First of all, the system seems independent from the camera's wireless flash system (such as Nikon's Advanced Wireless Lighting). Briefly, the system appears to allow radio TTL and manual capability with remote adjustment.
There is a commander unit called the YN460-TX (which looks like the Nikon SU-800). The TX commander is designed to be attached to the camera hotshoe and apparently can emit an AF assist light. However, it also appears that the TX can be used off-camera (query whether the TTL capabilities would remain). According to Yongnuo, the TX commander can control up to 16 dedicated speedlights (YN460-RX), each of which has built-in radio capability.
HOW IT'S USED:
The TX commander controls 3 groups simultaneously: a TTL group (TTL), Manual group 1 (M1), and Manual group 2 (M2). To assign an RX flash to a group, you press the RX flash's mode button until the RX selects WT (for the TTL group), M1, or M2. In addition to the WT, M1, and M2 mode, the RX unit has another wireless mode, WX which allows it to function either on manual or TTL, as explained below.
Group M1: once an RX flash is assigned to M1, its power level can be selected by choosing the M1 group on the TX unit then adjusting the power level. There are 7 power levels, in full stops from full power to 1/64 power. There are no power indicators per se -- you have to count the number of LEDs lit. 1 LED = 1/64, 2 LEDs = 1/32 etc.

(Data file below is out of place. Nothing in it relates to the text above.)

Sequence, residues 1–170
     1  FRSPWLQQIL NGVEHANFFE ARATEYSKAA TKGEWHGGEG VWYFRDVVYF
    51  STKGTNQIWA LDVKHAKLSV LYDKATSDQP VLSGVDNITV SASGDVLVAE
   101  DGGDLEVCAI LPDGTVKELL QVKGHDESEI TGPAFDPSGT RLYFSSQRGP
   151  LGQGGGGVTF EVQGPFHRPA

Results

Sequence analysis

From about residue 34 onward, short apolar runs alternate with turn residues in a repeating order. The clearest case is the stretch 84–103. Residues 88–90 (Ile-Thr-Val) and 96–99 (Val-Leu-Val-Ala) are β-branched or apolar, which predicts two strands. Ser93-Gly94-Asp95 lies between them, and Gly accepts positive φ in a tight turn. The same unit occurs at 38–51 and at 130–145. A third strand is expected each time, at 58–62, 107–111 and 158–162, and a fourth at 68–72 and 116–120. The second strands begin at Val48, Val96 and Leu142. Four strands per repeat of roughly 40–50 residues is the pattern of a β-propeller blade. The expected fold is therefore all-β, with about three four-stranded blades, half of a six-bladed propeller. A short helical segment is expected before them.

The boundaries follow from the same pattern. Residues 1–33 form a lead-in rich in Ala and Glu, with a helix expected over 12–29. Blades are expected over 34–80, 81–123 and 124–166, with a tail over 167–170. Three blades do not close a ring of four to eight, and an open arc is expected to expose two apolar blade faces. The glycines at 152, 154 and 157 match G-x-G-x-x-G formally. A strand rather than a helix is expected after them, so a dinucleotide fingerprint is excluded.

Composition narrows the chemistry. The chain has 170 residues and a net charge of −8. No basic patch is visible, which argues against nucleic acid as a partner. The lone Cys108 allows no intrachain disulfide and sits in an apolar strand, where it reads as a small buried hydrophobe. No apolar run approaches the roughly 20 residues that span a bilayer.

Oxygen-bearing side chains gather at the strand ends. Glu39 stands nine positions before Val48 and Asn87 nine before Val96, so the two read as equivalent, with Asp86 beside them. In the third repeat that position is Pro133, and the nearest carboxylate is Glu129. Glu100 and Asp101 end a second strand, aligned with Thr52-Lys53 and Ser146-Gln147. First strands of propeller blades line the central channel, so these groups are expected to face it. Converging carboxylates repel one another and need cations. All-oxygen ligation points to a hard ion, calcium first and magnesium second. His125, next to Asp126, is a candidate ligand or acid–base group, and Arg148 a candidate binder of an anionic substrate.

Group M2 functions similarly. Its power is selected by choosing the M2 group on the TX and adjusting the power level.
Wireless TTL: This was not clearly demonstrated in the videos. It appears that TTL flash exposure can be adjusted from -3 to +3 FEC. The video demo'd adjustment of FEC directly on the RX flash. The videos did not demo wireless adjustment of FEC with the TX commander, though it seems the TX commander should have this capability because its LEDs are labeled -3 to +3, which wouldn't make sense except for TTL.
WX mode of the RX flash: In WX mode, the RX flash will match the CURRENTLY SELECTED mode of the TX commander. By contrast, if the RX is in WT mode, it will stay assigned to the TTL group, and if it is in M1 or M2 mode, it will stay in M1 group or M2 group respectively. On the other hand, by using the RX flash in WX mode, it can join group WT, M1 or M2 as needed. If the user wants the RX (on WX mode) to join the TTL group, then the user simply has to remember to switch the TX to TTL mode when he is ready to shoot. If the user wants the RX on WX mode to join the M1 or M2 group, the user simply switches the TX to M1 or M2 respectively immediately before shooting.
The WX mode is useful when you only have one RX flash, allowing you to switch from TTL to manual anytime. It is useful also if you want one of your RX flashes to be flexible and join any of the other groups as needed.
- Uses 2.4ghz frequency. Up to 200m range claimed.
- 7 available channels. (By contrast, Nikon's Advanced Wireless Lighting has only 4 channels.)
- Supports rear curtain sync, flash exposure compensation (FEC) and "FEB" (flash exposure bracketing??)
- There is a blue LED light to show that a link between the TX and RX has been established.
- The TX appears to have 2 ports, one of which appears to be a PC sync.
- The RX flash can also function on non-wireless manual mode. It is not clear whether it can function as a non-wireless TTL flash.
- LightingRumours.com, citing De.Rec.Fotografie, states that cost will be 200 euro for a TX and RX kit. Availability is estimated to be within the next 2 months, direct from Yongnuo's ebay site with a 12-month warranty: http://stores.ebay.com/hkyongnuophotoequipment .